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TV Pundit Exploring Primary Bid Against Menendez in New Jersey

Michael Starr Hopkins has filed with FEC

Powerful New Jersey Democrats have stuck by Sen. Robert Menendez since a judge declared a mistrial in his federal corruption case. (Bill Clark/CQ Roll Call file photo)
Powerful New Jersey Democrats have stuck by Sen. Robert Menendez since a judge declared a mistrial in his federal corruption case. (Bill Clark/CQ Roll Call file photo)

Democratic political pundit and attorney Michael Starr Hopkins is exploring a primary bid against Democratic Sen. Robert Menendez in New Jersey. 

“I’m taking the first steps towards challenging Bob Menendez because I believe New Jersey deserves a fresh start, the chance to vote for someone who hasn’t been tainted by the culture of corruption in Trenton and Washington, someone who doesn’t owe any favors to the political establishment or powerful interests,” he wrote in an op-ed in The Hill on Monday afternoon. 

Raised in Washington, D.C., Hopkins has lived in Jersey City for the last few years. He’s worked as public defender in New York City and has been a political commentator on Fox, MSNBC and CNN and a contributing writer for the Huffington Post and The Hill. Last year, he worked on Hillary Clinton’s campaign in Colorado. 

Menendez faced 18 counts of alleged corruption, but a federal judge declared a mistrial in the case last month after the jury said it was deadlocked on all counts. The Justice Department is reviewing Menendez’s case and it’s possible he could stand trial again.  And back in Washington, the state’s senior senator is facing a Senate Ethics Committee investigation. 

[Mendendez’s Trouble May Not Be Over with Jury’s Verdict

“If what Menendez did doesn’t disqualify you from serving in the Senate, then what does?” Hopkins wrote. 

He pointed to the senator’s low approval rating (32 percent in a recent Morning Consult survey). “The jury couldn’t make up its mind, but the people of New Jersey clearly have,” Hopkins wrote.

Hopkins argued that nominating Menendez could jeopardize the Garden State seat and threaten the Democratic Party brand as it tries to make gains in 2018.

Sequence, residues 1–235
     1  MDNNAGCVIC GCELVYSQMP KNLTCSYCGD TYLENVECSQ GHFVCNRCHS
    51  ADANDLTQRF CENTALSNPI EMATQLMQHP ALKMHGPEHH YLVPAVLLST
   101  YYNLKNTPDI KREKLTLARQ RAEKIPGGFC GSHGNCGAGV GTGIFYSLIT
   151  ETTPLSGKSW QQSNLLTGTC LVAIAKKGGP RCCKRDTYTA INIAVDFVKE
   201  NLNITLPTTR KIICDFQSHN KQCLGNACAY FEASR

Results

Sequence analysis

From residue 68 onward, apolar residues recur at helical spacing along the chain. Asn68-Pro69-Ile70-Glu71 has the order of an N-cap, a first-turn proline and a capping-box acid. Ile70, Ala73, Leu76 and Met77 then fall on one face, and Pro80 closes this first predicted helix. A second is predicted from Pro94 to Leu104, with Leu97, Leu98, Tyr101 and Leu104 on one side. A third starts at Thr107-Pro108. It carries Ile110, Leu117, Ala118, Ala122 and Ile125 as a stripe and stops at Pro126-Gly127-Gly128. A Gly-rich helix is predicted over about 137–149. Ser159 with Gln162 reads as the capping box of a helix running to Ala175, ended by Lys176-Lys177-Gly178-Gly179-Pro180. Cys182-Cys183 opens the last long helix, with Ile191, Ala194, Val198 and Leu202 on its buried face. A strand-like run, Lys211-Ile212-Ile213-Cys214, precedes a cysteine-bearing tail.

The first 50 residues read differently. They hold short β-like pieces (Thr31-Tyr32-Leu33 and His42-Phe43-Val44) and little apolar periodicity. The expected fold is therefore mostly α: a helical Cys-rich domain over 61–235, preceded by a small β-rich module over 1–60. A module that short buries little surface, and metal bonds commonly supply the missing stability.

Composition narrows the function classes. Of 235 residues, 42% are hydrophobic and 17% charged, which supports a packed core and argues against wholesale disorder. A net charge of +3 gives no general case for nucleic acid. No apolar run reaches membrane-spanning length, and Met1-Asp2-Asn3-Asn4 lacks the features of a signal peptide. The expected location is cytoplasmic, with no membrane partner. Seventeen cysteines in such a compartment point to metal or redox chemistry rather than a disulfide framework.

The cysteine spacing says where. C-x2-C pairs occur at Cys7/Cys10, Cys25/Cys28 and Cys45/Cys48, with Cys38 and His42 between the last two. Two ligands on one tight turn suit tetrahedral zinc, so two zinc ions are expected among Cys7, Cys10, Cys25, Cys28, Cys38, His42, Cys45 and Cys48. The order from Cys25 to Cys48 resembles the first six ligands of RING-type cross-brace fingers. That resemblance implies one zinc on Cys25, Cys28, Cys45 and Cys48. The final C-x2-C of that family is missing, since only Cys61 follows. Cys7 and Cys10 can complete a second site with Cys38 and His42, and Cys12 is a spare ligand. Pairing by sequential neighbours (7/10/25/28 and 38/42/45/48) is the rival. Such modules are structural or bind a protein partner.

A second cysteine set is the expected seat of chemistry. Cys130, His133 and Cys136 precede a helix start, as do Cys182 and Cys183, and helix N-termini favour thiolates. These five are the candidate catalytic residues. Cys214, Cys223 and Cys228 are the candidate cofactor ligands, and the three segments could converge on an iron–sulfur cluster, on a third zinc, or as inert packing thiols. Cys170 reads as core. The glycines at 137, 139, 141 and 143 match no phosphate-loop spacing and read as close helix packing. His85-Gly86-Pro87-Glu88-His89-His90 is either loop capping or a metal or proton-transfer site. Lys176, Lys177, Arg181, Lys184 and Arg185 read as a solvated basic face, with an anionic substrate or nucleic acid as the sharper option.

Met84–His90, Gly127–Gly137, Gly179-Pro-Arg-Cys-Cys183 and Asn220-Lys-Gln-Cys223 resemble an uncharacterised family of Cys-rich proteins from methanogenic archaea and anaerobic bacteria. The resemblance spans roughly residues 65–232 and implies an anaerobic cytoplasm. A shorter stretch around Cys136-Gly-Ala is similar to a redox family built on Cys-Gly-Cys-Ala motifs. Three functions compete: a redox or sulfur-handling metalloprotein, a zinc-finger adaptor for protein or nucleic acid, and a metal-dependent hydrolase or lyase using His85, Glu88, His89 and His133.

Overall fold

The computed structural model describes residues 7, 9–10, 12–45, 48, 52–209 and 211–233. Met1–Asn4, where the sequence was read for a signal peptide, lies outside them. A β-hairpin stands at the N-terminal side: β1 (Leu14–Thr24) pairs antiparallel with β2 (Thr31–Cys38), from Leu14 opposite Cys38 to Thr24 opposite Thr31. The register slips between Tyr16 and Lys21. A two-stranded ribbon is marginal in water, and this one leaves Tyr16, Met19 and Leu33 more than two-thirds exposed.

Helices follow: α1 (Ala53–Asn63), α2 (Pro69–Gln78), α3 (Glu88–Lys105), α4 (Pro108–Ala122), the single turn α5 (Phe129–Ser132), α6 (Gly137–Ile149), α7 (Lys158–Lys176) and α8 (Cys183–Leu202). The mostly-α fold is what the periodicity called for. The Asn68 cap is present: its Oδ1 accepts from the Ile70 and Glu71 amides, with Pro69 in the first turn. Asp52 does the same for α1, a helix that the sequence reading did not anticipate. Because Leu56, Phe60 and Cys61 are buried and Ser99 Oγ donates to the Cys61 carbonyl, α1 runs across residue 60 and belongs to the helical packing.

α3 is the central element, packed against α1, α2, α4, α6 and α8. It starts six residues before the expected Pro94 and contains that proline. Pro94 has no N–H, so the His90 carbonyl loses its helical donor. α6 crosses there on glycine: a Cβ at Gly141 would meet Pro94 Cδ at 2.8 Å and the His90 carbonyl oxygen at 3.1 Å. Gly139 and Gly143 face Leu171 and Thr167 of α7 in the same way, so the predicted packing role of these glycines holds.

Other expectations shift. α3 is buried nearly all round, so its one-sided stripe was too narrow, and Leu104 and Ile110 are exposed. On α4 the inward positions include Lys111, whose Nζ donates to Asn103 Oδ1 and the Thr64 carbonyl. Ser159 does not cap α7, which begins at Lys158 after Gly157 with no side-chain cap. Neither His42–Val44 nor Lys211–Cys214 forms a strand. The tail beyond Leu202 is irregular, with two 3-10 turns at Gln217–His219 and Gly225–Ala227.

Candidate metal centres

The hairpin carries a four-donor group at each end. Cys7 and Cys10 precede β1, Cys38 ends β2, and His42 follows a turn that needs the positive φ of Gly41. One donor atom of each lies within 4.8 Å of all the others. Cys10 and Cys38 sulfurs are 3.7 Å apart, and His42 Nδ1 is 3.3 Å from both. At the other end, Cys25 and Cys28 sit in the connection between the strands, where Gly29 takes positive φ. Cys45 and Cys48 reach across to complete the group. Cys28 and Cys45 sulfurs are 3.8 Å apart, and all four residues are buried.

Inside Elections with Nathan L. Gonzales currently rates the New Jersey Senate race Solid Democratic

Menendez celebrated the mistrial ruling outside the federal courthouse in Newark last month, calling it “Resurrection Day.” He also had a warning for his political enemies.

“To those who were digging my political grave so that they could jump into my seat, I know who you are and I won’t forget you,” he said.

New Jersey’s Democratic leaders rallied around the senator after the mistrial, pledging their support for 2018. That included Gov.-elect Phil Murphy, Sen. Cory Booker, state Senate President Stephen Sweeney, South Jersey powerbroker George Norcross and the Democratic chairs in Bergen, Essex, Hudson, Passaic and Middlesex counties. 

Menendez ended the third quarter with $3.9 million in the bank. The primary would be in June. 

It would be difficult to launch a primary campaign and raise money with the party apparatus stacked against a challenger. But not impossible, said one Democratic operative who has worked in the state.  

“It’s a tough race to win, but US Senate campaigns are of a different nature than low profile races where being on the party line has a huge impact,” the operative wrote in an email.

There could be an opening for a progressive Democrat to run in the mold of Vermont Sen. Bernie Sanders and amass sizable small-dollar contributions, the operative said. That could be someone like former Assemblyman John Wisniewski, who was one of Sanders’ biggest backers in the state. Wisniewski lost in the gubernatorial primary to Murphy earlier this year.

Hopkins is touting himself as a Clinton and Obama campaign alumnus.  Attending Eckerd College, Hopkins served as deputy state director of the Florida chapter of Students for Obama in 2008. He served as deputy director of voter protection for Clinton’s campaign in Colorado in 2016. 

Hopkins’ campaign didn’t have any comment Monday about whether he’s spoken to political leaders in New Jersey or about how he plans to run a campaign. He filed with the FEC on Nov. 28. 

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